According to autonomous organisation the International Energy Agency (IEA), gas and renewable power are expected to be the major sources of energy growth on the African continent in the coming years.
More than 620-million people, or two-thirds of the continent’s population, in sub-Saharan Africa do not have access to electricity, with the region’s largest energy demands coming from Nigeria and South Africa, which together account for more than 40% of total energy demand, says IEA.
Almost half of the growth (45%) in electricity generation to 2040 is expected to derive from renewable energy, notes the IEA, adding that significant renewable resources remain untapped, with excellent solar power opportunities across Africa, hydropower opportunities in many countries, wind opportunities in mainly coastal areas and geothermal opportunities in the East African Rift Valley.
The three largest markets for utility-scale renewable power from 2014 to 2016 are forecast to be in South Africa, with 3.9 GW likely to be installed, the largest part of which will be wind, followed by solar photovoltaic and a smaller amount of solar thermal.
Further, it is forecast that Kenya will produce 1.4 GW of mainly geothermal and wind power; and Ethiopia about 570 MW of predominantly wind energy, with some geothermal energy, says market analyst Bloomberg New Energy Finance.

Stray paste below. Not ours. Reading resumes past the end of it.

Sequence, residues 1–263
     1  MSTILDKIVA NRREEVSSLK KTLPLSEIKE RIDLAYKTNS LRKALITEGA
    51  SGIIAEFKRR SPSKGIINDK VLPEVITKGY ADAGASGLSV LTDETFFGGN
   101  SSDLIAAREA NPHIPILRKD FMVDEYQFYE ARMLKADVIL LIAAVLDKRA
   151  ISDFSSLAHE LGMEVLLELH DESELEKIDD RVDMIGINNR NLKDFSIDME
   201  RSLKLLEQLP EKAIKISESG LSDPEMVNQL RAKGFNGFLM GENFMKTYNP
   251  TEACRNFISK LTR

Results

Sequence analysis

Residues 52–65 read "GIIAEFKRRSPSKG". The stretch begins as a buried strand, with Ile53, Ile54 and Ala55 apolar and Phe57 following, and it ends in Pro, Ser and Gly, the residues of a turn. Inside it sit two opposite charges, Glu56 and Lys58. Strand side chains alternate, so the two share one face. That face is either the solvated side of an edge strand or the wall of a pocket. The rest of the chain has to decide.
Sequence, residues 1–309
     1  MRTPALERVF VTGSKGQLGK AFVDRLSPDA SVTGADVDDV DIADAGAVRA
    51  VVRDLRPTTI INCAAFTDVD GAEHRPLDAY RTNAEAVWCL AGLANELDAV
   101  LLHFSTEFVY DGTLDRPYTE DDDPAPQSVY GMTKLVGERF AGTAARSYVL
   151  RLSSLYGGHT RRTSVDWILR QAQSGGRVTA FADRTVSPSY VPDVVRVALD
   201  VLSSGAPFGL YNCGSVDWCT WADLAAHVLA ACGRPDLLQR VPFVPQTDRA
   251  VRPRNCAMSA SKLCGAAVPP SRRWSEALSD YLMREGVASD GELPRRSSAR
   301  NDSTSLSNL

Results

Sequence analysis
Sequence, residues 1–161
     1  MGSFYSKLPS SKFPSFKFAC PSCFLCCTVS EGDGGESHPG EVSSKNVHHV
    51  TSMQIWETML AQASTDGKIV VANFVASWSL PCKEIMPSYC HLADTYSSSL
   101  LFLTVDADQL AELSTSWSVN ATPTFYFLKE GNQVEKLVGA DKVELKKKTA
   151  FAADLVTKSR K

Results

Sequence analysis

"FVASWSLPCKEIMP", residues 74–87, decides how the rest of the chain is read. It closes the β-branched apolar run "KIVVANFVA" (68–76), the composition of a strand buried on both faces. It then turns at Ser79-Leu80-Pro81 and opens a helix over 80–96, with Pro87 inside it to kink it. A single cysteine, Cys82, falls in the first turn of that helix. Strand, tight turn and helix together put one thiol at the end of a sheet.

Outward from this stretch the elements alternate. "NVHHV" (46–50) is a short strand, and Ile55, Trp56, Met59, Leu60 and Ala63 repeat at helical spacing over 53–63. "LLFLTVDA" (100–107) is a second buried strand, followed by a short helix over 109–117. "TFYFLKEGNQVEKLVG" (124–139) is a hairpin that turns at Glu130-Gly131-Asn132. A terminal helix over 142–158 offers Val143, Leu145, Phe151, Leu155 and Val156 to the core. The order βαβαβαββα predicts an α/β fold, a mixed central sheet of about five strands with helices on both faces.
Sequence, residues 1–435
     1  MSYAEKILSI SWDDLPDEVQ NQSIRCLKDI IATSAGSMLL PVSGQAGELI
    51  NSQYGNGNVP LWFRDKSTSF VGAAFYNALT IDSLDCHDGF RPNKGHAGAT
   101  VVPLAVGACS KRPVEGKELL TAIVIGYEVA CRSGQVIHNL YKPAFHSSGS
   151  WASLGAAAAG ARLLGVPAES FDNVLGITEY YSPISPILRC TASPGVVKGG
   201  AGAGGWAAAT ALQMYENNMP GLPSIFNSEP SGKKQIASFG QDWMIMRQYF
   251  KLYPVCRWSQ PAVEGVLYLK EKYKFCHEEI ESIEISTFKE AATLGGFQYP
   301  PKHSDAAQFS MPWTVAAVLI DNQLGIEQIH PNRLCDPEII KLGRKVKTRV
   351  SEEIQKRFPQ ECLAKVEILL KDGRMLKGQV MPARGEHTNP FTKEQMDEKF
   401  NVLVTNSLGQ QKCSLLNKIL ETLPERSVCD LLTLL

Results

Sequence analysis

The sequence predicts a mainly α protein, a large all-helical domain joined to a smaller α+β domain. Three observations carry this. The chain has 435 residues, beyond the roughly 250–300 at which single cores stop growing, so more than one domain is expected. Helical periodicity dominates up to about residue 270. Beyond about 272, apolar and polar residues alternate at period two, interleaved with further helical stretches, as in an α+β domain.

Technology group Power Technologies (Powertech) business development for renewable energy GM Gary Venter says Powertech, a wholly owned subsidiary of the JSE-listed Altron group, is very much involved as a product supplier in South Africa’s Renewable Energy Independent Power Producer Procurement Programme (REIPPPP).
“We have been involved in about 17 of the Round 1 projects, supplying a range transformers, switchgears, cables and cable accessories, as well as supervisory control and data acquisition and protection systems,” says Venter, adding that the group has been involved in about 12 of the Round 2 projects.
Owing to the group’s fairly new entry into the market in 2013, Venter says the biggest challenge was understanding the players involved, as the majority of the developers are from abroad.
He adds that another challenge is that the products were based on international specifications.
“We develop and manufacture according to South Africa Bureau of Standards and SANS specifications,” says Venter, highlighting that the group has to combine the two specifications.
Powertech system integrators executive for strategic projects Kobus Morgan adds that the group has its products installed at the majority of the substations involved in the REIPPPP.